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  • Robert Bruce Adams

Soup's On

MY SONS AND I HAVE ENJOYED a delicious Chicken Jalapeño soup that we’ve had for years at Art’s Tavern. The iconic tavern is in the heart of Glen Arbor located one block from the beautiful sandy beaches of Lake Michigan in northern Michigan and just thirty miles west of Traverse City.

The tavern’s soup is served year-round to the delight of their customers, but only on Wednesday’s. Sliced Jalapeños and cayenne pepper are at the soul of their creation. They pull it off very successfully which features a velvety cream base with onions, celery, carrots and large pieces of chicken meat. It is a soup that is not for the faint of heart. I recommend a glass of beer, or water, to join your bowl of soup. Describing it here makes me long for it, but unfortunately, today is only Monday.

I’ve tried for years to copy it in my own kitchen and have resigned that it cannot be duplicated. There must be some trick involved that only Art’s knows how to pull off. I’m not at all discouraged that I could not copy it, in fact, I’m accepting that I couldn’t match it as it gives me something to look forward to, especially during the long winters we face in northern Michigan.

This wouldn’t be much of a story if I just surrendered to Art’s culinary coup. I’m offering a recipe that is a variation on their famous soup. Mine uses the foundation of wild rice and mushrooms and additionally has many of the same underpinnings found in my favorite Glen Arbor soup.

The idea for a creamy wild rice soup started late last winter after reading about the native Ojibwe Indians and their skillful harvest of wild rice in Minnesota and Wisconsin. They perform the centuries old practice in shallow wetlands where annual grasses (Zizania, Genus) flourish. The “rice” is the seed formed from these grasses that mature in the early fall. The ricers, as they are known, work in pairs and use small wooden thrashing paddles to gather the seed at the bottom of their boats, or canoes. Hundreds of pounds are collected from dawn to dusk over several days.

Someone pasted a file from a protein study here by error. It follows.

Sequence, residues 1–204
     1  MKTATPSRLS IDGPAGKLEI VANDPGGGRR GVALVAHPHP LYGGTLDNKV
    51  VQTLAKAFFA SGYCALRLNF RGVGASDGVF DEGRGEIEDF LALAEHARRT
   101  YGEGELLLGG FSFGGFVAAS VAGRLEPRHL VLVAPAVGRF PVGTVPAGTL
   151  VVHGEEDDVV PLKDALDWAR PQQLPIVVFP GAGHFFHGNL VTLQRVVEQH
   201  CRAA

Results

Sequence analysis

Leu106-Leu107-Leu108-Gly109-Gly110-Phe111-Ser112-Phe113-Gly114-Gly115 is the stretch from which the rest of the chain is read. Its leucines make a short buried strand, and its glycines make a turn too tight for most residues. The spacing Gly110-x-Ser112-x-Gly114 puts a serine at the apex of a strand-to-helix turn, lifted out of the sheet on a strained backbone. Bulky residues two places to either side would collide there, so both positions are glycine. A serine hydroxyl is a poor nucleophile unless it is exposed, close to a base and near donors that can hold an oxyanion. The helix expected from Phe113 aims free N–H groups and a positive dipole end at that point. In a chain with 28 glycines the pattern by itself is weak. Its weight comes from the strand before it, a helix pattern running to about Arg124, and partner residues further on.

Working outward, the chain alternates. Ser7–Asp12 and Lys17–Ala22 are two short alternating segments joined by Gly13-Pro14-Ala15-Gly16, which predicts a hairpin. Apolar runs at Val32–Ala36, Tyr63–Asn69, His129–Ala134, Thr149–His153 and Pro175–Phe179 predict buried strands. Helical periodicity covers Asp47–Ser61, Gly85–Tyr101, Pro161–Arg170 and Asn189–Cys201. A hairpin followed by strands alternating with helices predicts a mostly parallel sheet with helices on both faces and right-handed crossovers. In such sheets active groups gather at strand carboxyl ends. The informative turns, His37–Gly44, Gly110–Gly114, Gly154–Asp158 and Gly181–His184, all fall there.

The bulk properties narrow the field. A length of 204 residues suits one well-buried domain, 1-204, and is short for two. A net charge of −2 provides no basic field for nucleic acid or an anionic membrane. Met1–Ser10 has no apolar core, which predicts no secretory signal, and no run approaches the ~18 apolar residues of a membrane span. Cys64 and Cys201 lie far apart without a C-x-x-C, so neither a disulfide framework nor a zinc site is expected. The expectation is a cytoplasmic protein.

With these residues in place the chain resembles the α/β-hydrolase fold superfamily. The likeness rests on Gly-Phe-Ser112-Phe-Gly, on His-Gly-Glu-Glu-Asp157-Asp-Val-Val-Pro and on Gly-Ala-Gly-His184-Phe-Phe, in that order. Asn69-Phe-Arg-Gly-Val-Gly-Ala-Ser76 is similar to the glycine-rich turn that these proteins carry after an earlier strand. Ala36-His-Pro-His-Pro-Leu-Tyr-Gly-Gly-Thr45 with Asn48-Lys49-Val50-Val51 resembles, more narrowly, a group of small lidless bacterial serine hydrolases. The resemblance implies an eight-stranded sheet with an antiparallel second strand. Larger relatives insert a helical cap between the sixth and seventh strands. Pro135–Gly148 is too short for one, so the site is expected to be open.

The rice gets much of its flavor from the dry heating it goes through as it is further processed in a cast iron kettle over an open wood fire. The hulls crack during this heating stage and the seeds darken and develop their unique nutty flavor. It is further winnowed and cleaned in wooden vessels using both hands and feet where the seed is freed of its chaff. The yield is about 50% of the green weight as the natives ready it for storage and sale. I have fond memories of roadside hand-painted signs offering wild rice for sale in our neighboring states and pulling over to purchase the small packages at the stands.

I was fascinated with the thought of producing a wild rice and mushroom soup. The recipes I reviewed recommended a couple of quarts of chicken stock in the ingredients. I expanded on this recommendation by making homemade chicken stock and then using the boiled chicken breasts that I cubed and readied for my soup. It was evolving into a chicken, wild rice, and mushroom creation.

It had promise.

I lightly sautéed the onions, red pepper, carrots, and celery in olive oil and added garlic, wild rice, and sliced button mushrooms. After a few minutes, I added white wine which produced an impressive bloom of steam and lent a glorious fragrance to the pot. I then added butter and melted it and added flour and used my whisk for a good thirty seconds. The chemistry kicked in and a loose roux developed. A cup of whole milk and dried thyme came next and then my two quarts of chicken stock. A rolling simmer for twenty minutes allowed the rice to plump and the soup began to thicken. During the final ten minutes, I added the two cups of cubed chicken meat and salt and pepper.

I had my first cup for dinner and added more salt and pepper trying to pump up the flavor. Something was missing? I liked the texture and body of the soup, and the aroma was more than pleasing, but it was sort of bland. It was a solid B in my grading system. I contemplated solutions for just a moment, and then it came to me. After my revelation I headed to the grocery store to secure a glass jar of Mt. Olive Jalapeño slices, knowing this was exactly what the soup needed. Half a jar of slices moved this new creation to a solid A.

Thank you Art’s Tavern. You are an inspiration. See you on a Wednesday in the dead of winter.

Wild Rice and Jalapeño-Chicken Soup


2-quarts chicken stock

½ pound of fresh mushrooms, sliced

1 cup chopped celery

1 cup chopped carrots

1 cup finely chopped onions

2 chopped garlic cloves

¼ cup chopped sweet red pepper

½+ cup wild rice

½ cup white wine

¼ cup butter

½ cup flour

1 cup milk

2+ cups chopped chicken

I/2 jar (7 oz.) drained sliced Jalapeño peppers

Salt and pepper to taste

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